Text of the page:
So if tolerance is unacceptable and acceptance is unrealistic what is left? Is there a societal condition that will allow me to live my life and worship my Gods and Ancestors without the permission of others? Yes, there is indeed a better principle. There is a virtue, a social paradigm that is the highest expression of such living. Liberty.

The Founding Fathers recognized the simple, basic human importance of liberty when it was placed as one of only three named unalienable Rights in the Declaration of Independence:

We hold these Truths to be self-evident, that all Men are created equal, that they are endowed, by their Creator, with certain unalienable Rights, that among these are Life, Liberty, and the Pursuit of Happiness…

Unalienable Rights were seen by the framers to be nontransferable, above repudiation and not awarded by another. These are inherent states of the human condition. Liberty in the context of this declaration is the individuals immunity from arbitrary exercise of authority and the individual freedom from compulsion.

In modern Western society the ideal is the same. I have the liberty to not be forced to believe that my folk were created by a Middle Eastern deity. Christians have the unalienable right to believe to believe people were indeed created by such a being. We then both have the liberty to venerate our respective Gods in whatever manner we choose provided it does not infringe upon the life, liberty, or pursuit of happiness of another. Once we recognize each others liberty we can then begin to find a mutual respect for each others right to do as we please.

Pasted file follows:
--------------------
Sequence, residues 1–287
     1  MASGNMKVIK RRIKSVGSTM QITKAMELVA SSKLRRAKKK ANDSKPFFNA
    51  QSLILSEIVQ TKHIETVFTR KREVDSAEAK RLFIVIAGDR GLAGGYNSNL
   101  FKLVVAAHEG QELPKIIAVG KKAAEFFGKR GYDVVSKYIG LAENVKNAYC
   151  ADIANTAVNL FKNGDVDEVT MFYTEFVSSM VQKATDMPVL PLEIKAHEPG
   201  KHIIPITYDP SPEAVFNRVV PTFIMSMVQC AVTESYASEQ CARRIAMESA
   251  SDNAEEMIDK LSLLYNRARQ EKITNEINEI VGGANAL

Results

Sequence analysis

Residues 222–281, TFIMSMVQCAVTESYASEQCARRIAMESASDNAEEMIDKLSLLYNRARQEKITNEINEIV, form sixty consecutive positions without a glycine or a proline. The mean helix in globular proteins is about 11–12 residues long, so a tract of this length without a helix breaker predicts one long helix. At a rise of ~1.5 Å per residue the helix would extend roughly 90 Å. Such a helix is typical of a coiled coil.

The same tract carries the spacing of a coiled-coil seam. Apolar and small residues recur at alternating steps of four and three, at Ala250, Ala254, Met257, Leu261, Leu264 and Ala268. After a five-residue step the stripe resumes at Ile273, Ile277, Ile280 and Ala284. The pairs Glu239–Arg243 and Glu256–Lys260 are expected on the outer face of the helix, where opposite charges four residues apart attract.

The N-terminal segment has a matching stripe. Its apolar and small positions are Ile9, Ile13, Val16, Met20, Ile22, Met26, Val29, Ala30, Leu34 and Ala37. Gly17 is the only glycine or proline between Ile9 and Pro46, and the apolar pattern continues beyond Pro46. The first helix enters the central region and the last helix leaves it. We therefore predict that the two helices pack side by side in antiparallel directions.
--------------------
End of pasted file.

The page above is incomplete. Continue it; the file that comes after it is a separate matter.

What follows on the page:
With the recognition of liberty there is no need for condescending state of tolerance between men. There is also no need for the unrealistic concession of acceptance. With liberty we simply recognize the individuals right to believe as he pleases and his freedom to follow that belief. It is simple, it plants the seeds of respect, and it quells most religious arguments. I may believe Christians are wrong in their assessment of the divine but I fully recognize their liberty to think as they choose. I simply expect the same from them.

I believe that every person has the right to believe and worship the way that they want, every person has the right to make their own choices and take risks whether or not they may seem harmful to themselves. However, I do not believe in doing things or making choices that harm others. Any ancient text — including the Old Testament, the New Testament, the Koran, the Upanishads, The Republic, City of God, to name just a few — has sentences that can be taken out of context by extremists in attempts to rationalize behavior that most modern followers or readers would reject as inconsistent and unacceptable in this day and age. I believe we must stand against such acts, and the spin and propaganda they represent, before they take root.

Freedom of religion means that you may believe anything that you want and you may worship freely so long as it does not impinge upon the freedom of others. And the moment an anti-theist or religious fundamentalist/extremist tries to infringe on my religious beliefs then my religious  freedom is being violated. Period. 

I do not beg for tolerance. I do not expect acceptance. I do however demand liberty. And that liberty extends to everybody else regardless of religious belief or lack of it.


~ by ladycat123 on September 14, 2011.

One Response to “Demanding Religious Liberty”

  1. […] from the themes of this post in which I demand religious liberty as essential to anarchism, I wish to to attack the idea that religion is somehow anti-anarchist in this […]